Most of the political leaders who grew up on the ideological framework of the nineteenth or twentieth century often could not understand or appreciate the anxieties, expectations and discontent of a significant majority of young people from middle class and aspiring middle class. Many of them saw politics as ‘dirty’, politicians as ‘thieves’ or politics as a career to amass wealth and power. Political parties were seen as gangs of criminals that consisted of only the rich and the ‘babas and babies’ of the ‘political’ families. While the relatively younger class felt an aversion towards political party establishments and the ‘rich and powerful’ that controlled the political party establishments, they were aspiring for a new politics of assertion, aspirations and performance. It is the political discontent as well as the political cynicism of the upper-middle class that the AAP tried to mobilise through anti-corruption initiatives, ‘clean’ politics and post-ideological politics. The traditional left completely failed to capture the mood of the younger generation that grew in the neoliberal era. While the left made fantastic ideological critiques and managed party establishments where they managed to retain the governmental power, the traditional left completely failed to engage and negotiate with a pan-Indian aspiring middle class and address policy and political initiatives.
The key issue has been that political party establishments paradoxically become too top-heavy with lots of baggage of power and paraphernalia to be flexible to the emerging generational shift and situation. Most of the aspiring middle class or middle class professionals found it extremely difficult to deal with ‘closed-spaces’ and ‘insulated leadership’ of political party establishment. The top-heavy leadership of political parties ‘interacted’ with ordinary people only during elections and that too from the large podium or from a ‘comfortable’ and ‘safe’ distance. Those young political leaders in many political parties emerged due to their kinship or lineage rather than their quality or leadership competence. There is hardly any space for the politically aware middle class people to join the political party establishments as they are still in the old mode driven by old structures.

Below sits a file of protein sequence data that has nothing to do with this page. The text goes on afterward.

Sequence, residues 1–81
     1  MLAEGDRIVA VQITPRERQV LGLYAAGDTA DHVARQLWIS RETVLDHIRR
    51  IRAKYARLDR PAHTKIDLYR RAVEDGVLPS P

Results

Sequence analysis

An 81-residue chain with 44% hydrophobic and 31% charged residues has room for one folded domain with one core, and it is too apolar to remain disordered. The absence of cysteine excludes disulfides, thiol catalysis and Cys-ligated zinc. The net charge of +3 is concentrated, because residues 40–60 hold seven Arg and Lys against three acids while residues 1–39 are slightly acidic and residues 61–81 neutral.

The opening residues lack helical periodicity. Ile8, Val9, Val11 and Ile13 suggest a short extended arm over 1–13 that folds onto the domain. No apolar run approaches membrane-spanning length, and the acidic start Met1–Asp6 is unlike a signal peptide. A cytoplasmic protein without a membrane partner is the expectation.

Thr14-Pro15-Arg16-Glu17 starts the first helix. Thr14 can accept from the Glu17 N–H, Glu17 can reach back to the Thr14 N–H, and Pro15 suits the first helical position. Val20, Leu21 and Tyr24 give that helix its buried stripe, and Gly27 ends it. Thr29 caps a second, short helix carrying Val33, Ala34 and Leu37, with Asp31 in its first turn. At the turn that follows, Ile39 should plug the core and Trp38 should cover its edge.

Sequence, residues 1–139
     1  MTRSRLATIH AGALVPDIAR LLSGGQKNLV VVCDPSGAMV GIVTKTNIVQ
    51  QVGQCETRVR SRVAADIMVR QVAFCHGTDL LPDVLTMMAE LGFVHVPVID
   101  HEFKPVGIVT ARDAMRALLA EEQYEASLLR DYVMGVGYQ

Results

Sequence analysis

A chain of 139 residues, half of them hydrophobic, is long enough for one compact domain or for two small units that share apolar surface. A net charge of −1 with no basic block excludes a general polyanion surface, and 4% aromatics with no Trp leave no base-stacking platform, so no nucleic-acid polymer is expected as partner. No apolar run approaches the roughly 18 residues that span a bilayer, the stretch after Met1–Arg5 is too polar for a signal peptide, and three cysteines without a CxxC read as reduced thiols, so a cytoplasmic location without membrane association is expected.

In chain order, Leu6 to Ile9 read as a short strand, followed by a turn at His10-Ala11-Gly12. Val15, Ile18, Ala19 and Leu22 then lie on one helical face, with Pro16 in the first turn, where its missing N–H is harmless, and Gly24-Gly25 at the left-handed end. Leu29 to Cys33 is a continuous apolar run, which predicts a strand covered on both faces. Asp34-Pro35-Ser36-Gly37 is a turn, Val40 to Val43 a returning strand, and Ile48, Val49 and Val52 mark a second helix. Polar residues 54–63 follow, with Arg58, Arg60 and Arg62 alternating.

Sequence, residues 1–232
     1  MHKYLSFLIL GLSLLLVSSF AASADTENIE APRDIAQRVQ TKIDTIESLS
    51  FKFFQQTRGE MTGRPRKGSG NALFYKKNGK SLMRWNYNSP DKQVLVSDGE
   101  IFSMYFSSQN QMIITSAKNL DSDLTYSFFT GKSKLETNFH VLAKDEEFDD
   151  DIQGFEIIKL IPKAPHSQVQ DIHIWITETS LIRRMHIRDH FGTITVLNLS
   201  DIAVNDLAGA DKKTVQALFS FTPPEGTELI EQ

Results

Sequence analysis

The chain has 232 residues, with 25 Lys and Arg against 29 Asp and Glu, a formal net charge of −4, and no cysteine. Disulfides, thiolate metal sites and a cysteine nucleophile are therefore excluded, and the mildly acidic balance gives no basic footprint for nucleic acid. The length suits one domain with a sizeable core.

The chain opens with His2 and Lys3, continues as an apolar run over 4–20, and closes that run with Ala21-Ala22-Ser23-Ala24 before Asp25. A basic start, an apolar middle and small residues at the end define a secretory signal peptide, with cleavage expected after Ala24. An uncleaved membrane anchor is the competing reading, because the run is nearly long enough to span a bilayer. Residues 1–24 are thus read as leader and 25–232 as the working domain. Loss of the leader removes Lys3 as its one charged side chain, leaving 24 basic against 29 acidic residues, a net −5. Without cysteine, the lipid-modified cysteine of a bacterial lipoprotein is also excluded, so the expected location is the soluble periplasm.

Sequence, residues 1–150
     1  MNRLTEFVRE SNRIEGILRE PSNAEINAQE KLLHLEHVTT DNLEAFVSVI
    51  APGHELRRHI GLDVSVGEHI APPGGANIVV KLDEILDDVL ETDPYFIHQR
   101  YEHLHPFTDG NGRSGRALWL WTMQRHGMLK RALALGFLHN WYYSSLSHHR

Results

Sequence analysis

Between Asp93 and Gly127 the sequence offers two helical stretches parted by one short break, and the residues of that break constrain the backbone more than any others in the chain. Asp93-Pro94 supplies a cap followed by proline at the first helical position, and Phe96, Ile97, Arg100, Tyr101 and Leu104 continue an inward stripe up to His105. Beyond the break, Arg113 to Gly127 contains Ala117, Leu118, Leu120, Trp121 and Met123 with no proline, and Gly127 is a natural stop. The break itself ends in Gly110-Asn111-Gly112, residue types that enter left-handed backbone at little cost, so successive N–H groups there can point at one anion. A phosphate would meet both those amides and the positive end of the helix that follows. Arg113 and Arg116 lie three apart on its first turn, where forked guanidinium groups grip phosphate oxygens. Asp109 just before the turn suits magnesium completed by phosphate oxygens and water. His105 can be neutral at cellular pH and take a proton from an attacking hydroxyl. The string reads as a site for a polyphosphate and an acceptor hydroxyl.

It is in this space AAP as a new political party with fresh faces from the aspiring middle class emerged and the innovative ideas and political imagination helped them to outsmart the traditional modes of organising, campaigning and communicating used by the established political parties. This was evident in the entirely different modes of campaign tactics and communications strategies between AAP and established political parties such as BJP and congress. While AAP reclaimed the voluntary spaces of activism and contribution at the grassroots level, established political parties operated on top-down management of campaigns managed with funds largely raised from corporate business interests. The perceived dominance of crony capitalism, and the huge distance between rhetoric and reality as well as promises and performance created a set of new discontent among the electorate in Delhi. However, it is the promise of a clean politics and responsive, inclusive and performing government devoid of corruption that captured the imagination a large number of people. Now the key challenge for the leadership of AAP is to transform the huge positive energy that it derived from an unprecedented electoral verdict into governance with integrity, imagination as well as performance to make a real difference in the lives of the poor and marginalised. The question is whether the second coming of the Aam Aadmi party be able to herald a new era of politics of promises and hope and whether they will be able to keep the promise for change?